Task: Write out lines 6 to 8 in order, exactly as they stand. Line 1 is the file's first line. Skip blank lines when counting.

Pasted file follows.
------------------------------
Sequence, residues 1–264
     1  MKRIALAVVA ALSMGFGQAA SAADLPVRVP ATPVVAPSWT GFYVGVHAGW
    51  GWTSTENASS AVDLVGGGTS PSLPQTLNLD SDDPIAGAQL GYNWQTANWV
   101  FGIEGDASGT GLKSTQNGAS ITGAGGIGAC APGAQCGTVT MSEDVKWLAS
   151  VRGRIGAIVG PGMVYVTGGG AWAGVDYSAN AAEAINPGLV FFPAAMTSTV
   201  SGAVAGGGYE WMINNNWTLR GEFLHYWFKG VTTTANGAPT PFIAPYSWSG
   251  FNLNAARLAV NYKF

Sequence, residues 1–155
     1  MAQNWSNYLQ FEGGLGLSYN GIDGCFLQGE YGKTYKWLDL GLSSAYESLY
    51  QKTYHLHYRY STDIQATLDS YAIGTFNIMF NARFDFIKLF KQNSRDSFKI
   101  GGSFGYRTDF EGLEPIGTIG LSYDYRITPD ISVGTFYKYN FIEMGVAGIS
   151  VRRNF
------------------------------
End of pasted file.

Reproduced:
   201  SGAVAGGGYE WMINNNWTLR GEFLHYWFKG VTTTANGAPT PFIAPYSWSG
   251  FNLNAARLAV NYKF

Sequence, residues 1–155